Business Divorce in Texas

What Partners in Closely Held Businesses Need to Know About Splitting Up

Business Divorce Lawyers Unless you have a business that is a sole proprietorship, you will most likely run into disputes with your partners or other business co-owners in the course of the life of your business.

Sometimes business disputes between partners or co-owners get to the point where one of the partners no longer wants to resolve the issue and instead says she wants to leave the business.

This can be especially difficult when the business partners are close friends, or in some cases family members. You do not want to have a business divorce ruin a relationship with a friend or sibling if it can be at all avoided. In closely held corporations, business partners deciding to split up can drastically alter the nature of the business and its ability to function if the business divorce is not handled carefully.

Business divorces—meaning when business partners split up—can be extremely complex and difficult to navigate. It is important to work with an attorney who has experience with business divorce matters and who can help you to negotiate your business separation and to move forward in a way that is reasonable and even favorable to you and any other shareholders in the company.

At Lindquist Wood Edwards LLP, our attorneys have experience assisting clients in Texas with shareholder disputes and business divorces, and we are ready to begin developing a strategy for you today.

A note from Texas business divorce attorney Robert Wood:

If you’re facing a dispute with a partner in closely held business, you know that there is a lot at stake. I hope you’ll take a few minutes to reach out to me to discuss your situation. Our Firm has extensive experience handling business divorce matters. We are not only equipped to help resolve your dispute through mediation or arbitration, but we are also prepared to litigate your case if that’s what’s required to ensure that your interests are aggressively pursued.

Thank you for stopping by our site, and I hope to hear from you soon. Click here to schedule a consultation

Robert Wood


Signs of an Impending Business Divorce

There are many different kinds of business structures that can face an impending business divorce. Partnerships are generally the simplest type of business for two or more individuals who are starting a business, according to the U.S. Small Business Administration (SBA).

In both limited partnerships (where one general partner has unlimited liability and the other partners have limited liability), as well as in limited liability partnerships (where all owners have limited liability), disputes can arise. Similarly, owners of a limited liability corporation (LLC) can get into disagreements about the business, and one of the owners can decide to leave.

According to an article in Entrepreneur Magazine, the following are common signs that a business may be headed for a business divorce:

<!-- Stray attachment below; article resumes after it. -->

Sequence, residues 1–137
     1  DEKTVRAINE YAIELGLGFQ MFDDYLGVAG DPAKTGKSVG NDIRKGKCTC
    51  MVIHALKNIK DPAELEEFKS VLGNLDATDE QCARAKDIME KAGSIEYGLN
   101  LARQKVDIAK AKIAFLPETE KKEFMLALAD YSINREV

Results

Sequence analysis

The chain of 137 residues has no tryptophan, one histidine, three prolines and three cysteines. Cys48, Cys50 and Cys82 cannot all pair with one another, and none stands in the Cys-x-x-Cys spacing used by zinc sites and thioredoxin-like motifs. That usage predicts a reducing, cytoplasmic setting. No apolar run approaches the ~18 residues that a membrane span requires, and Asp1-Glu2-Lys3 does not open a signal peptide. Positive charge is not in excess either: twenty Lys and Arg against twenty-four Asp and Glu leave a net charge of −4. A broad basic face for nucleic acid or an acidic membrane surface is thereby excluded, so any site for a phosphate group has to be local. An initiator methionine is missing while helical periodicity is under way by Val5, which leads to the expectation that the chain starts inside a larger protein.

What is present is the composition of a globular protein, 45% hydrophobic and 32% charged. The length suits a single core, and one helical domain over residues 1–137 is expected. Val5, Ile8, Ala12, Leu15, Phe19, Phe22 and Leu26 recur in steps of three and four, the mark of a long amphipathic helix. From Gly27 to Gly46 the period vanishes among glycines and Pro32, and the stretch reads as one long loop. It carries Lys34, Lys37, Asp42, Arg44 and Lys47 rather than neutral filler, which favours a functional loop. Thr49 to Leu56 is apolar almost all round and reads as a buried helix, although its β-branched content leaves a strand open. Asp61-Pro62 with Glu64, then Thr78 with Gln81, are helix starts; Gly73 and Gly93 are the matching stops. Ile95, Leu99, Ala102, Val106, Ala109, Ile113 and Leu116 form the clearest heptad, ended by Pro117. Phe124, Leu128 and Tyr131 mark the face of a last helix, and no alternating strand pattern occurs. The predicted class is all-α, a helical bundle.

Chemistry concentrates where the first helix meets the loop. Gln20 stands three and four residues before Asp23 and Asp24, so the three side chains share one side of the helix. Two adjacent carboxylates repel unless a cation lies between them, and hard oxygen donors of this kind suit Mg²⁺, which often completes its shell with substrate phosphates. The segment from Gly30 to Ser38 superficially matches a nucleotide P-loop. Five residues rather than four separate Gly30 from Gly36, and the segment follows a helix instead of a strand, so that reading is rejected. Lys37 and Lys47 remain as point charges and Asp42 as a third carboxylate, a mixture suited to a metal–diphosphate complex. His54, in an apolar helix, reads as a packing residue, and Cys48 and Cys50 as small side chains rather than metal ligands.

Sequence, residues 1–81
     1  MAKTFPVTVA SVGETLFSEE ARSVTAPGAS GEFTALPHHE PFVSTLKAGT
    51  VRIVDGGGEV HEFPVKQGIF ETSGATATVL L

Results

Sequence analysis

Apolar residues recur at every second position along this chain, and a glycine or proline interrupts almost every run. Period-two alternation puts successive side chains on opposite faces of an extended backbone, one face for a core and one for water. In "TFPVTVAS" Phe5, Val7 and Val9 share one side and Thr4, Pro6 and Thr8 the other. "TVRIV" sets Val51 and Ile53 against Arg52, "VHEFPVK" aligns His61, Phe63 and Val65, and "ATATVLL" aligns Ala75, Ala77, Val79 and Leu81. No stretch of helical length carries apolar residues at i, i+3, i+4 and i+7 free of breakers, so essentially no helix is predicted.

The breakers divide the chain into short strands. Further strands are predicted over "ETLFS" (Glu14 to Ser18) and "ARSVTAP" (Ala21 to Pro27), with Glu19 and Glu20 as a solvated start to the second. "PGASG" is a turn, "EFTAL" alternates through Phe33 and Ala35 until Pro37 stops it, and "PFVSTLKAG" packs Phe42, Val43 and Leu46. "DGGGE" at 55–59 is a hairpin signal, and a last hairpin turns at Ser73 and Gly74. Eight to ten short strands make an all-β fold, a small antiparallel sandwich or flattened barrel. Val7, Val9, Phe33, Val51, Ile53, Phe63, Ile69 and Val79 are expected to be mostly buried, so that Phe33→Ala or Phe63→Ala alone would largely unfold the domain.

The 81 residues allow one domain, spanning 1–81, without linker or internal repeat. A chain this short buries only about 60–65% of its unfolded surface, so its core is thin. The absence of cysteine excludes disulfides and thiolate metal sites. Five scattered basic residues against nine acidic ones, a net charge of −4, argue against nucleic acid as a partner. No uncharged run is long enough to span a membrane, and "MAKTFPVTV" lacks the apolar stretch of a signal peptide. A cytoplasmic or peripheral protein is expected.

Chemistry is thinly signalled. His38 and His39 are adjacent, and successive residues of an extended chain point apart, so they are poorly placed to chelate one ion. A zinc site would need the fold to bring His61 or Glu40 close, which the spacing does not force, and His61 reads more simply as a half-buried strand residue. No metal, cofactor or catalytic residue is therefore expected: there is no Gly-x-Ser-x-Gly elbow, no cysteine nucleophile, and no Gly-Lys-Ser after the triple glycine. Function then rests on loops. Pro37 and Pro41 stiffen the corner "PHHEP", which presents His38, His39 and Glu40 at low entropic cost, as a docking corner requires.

Business Divorces Can Be Speedy and Successful

The goal of any business divorce should be to obtain a quick, effective, and reasonable resolution for all parties involved. At Lindquist Wood Edwards LLP, we use our experience representing clients in business divorces and business dissolutions to handle your complex situation. For example, our business law attorneys have experience with the following issues surrounding business divorce:


Managing Your Business Divorce as Painlessly as Possible

At Lindquist Wood Edwards LLP, we want to help you to manage your business divorce as painlessly as possible. Typically, negotiating a business divorce with terms that are agreeable to the partners is the best way to resolve your dispute efficiently and to avoid litigation.

The Entrepreneur Magazine article emphasizes that, with the help of a business lawyer, the following goals can help to smooth over your business divorce and to avoid litigation:


Disputes and Minority Shareholders in a Business Divorce

What kind of say do minority shareholders get when owners of a closely held business decide to split up? In other words, how do owners who do not have a controlling interest in the business get a say in how a business dissolution occur?

These are complicated questions, and these issues often result in tense negotiations during a business divorce. For business owners who do not have a controlling interest in the business, negotiations can be particularly important in terms of getting a fair resolution.

While we have discussed the effects of business divorce in partnerships and LLCs, what about corporations? How does the dissolution of a corporation affect shareholders in a corporation? In short, corporations are much different in terms of business structure from partnerships and LLCs, and their dissolution works quite differently.

Corporations typically can continue to function when one or more of the shareholders decide to leave the company or to sell off his or her shares. In other words, a “business divorce” is not as applicable to corporations as to partnerships and LLCs, as well as to certain other kinds of business structures.


Contact a Texas Business Law Attorney About Your Partnership Dispute

At Lindquist Wood Edwards LLP, our Dallas business attorneys know that business divorce is complicated for all parties involved. While negotiating a business divorce is often the most cost-effective resolution, we are prepared to litigate your case if negotiations cannot produce an equitable result. Contact us today.